And female figure was depicted otherwise, than at the end of the XIV century. Breast became highly raised and coming out forward, due to the highly raised waistline and a deep V-cut which decreased the dress bodice. Decollete was sometimes covered by an insert, strictly, it was a lower shirt. Those inserts in Czech were called prsniks (from the word "prs" - breast). Deep tails of heavily folded skirt transformed into trains, similar to the previous epoch. However, heads were decorated in the most expressive way with fashionable hats, which rather rapidly were replacing one another. And, probably with veil stayed in fashion the longest, coming through their analogs into the XVIII century. Snazzy clothing of that epoch was made of brocade, cloth, expensive velvet, decorated with embroidry and furs.

Fur, initially used to protect from cold, in the Middle Ages, was considered the most beautiful decoration, and it had a higher value for trimming than gold and precious stones, which remained on dresses of past epochs as, to some degree, a rudiment of "barbarous" fabric overestimation. But nevertheless, in the late Middle Ages these dresses were considered excessively expensive by the highest church and secular high officials and, therefore, they repeatedly spoke against them. The Czech guardians of morality and priests also fought against French and Italian fashion spreading in Czechia. They were dissatisfied with the royal court as well. Preachers condemned clothing of that time as sinful, vile and obscene, and they also attacked it for generating arrogance in some, and envy in others. Luxury in clothing made them worry about the future of the Czech economy. They spoke bitterly against any excesses in dresses, especially church apparel. Hussite movement, and later Reformation, opposed pompous church festivals, an important part of church life in Italy and other Catholic countries. They were enemies of any luxury in clothing. But neither church prohibitions and calls nor efforts to limit luxury could stop the new wave of fashion, which reached Czechia after the Hussite wars. Fight against the eccentricity in fashion began again. And first of all it atacked women, their trains and covers. Peter Khelchitskiy was surprised by the amount of cloth, necessary for making a woman's skirt with a train. Master Ian Rokitsana, Prague archbishop, the contemporary of Jirji from Podebrad, in his book of sermons also spoke out against Gothic trains, which contemporaries called "tails". And still that fashion was held over to the beginning of the XVI century. According to preserved judicial papers, even in 1503 Barbara from Vhrlabi charged her servant for a theft of her red dress made of Italian cloth "with the tail". Excessive decoration and colorfulness of man's clothing resulted in the ordinance of 1447 by the Prague burgomaster prohibiting Prague students from wearing such dresses; he ordered them to wear simple dresses, and not expensive ones, like townspeople wore. Burgomaster's order was followed by royal fearful prohibition. Jirji from Podebrad prohibited wearing of sharp-nosed footwear, and he requested to prohibit its production by shoemakers. But just as trains, sharp-nosed foot-wear was held over to the XVI century. Bohuslav Gasishteynskiy from Lobkovitsy in 1502 complained that 'in Czechia pointed boots were still worn'. All these voices, opposing the extremes of Gothic fashion, were codified in Augsburg Seym decisions, and in 1503 they were discussed at the Prague Emperor College of Carl IV. The calls of the morality guardians, later implemented in laws, involuntarily paved the road for new tendencies in fashion - the Renaissance fashion.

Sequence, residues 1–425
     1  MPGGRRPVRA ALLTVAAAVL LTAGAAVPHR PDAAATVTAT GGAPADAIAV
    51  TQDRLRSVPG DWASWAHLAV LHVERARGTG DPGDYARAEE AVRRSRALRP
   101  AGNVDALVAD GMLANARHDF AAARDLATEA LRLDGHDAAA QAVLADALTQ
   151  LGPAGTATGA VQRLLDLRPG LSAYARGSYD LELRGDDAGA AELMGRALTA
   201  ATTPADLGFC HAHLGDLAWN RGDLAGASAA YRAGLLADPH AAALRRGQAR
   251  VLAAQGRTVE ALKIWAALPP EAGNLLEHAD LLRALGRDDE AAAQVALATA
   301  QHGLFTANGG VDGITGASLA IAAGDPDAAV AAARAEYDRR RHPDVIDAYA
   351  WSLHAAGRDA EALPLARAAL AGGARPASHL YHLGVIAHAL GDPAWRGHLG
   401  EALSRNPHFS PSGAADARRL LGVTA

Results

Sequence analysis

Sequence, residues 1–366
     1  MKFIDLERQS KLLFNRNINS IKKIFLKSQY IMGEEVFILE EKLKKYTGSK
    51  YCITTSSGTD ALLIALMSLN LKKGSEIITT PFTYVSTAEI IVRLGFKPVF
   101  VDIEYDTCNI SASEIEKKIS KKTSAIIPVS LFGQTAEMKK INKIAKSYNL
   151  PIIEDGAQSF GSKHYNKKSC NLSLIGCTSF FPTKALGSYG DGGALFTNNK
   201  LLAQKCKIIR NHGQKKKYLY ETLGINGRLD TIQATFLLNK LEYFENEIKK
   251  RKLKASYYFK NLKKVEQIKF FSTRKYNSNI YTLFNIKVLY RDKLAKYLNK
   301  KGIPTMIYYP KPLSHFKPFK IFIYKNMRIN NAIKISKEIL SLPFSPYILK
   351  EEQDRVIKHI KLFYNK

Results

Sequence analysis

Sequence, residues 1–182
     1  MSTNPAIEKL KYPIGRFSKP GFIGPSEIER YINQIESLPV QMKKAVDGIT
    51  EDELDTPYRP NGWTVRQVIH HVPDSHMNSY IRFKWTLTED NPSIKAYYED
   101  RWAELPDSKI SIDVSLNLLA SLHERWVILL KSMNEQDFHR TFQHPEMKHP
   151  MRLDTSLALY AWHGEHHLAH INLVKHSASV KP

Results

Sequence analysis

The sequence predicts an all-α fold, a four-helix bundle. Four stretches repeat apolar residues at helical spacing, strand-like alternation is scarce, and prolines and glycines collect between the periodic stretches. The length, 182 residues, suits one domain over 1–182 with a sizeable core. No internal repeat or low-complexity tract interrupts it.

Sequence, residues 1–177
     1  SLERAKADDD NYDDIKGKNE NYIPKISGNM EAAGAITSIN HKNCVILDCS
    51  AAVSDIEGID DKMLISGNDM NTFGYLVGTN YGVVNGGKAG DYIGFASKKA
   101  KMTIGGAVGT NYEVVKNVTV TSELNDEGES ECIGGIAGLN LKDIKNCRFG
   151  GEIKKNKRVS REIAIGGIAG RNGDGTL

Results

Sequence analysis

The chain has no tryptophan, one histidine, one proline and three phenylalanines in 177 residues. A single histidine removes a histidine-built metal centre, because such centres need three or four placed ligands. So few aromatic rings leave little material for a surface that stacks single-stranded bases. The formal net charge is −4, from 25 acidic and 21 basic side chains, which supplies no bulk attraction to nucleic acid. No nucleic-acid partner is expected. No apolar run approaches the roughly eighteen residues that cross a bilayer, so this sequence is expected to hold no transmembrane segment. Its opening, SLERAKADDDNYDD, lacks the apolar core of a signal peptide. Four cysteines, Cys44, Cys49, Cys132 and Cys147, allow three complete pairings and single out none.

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sushyberry  - hey guys and gals!   |2009-12-12 13:54:56
well..everything is good...about this page..but i want more..."how to be a pure goth?"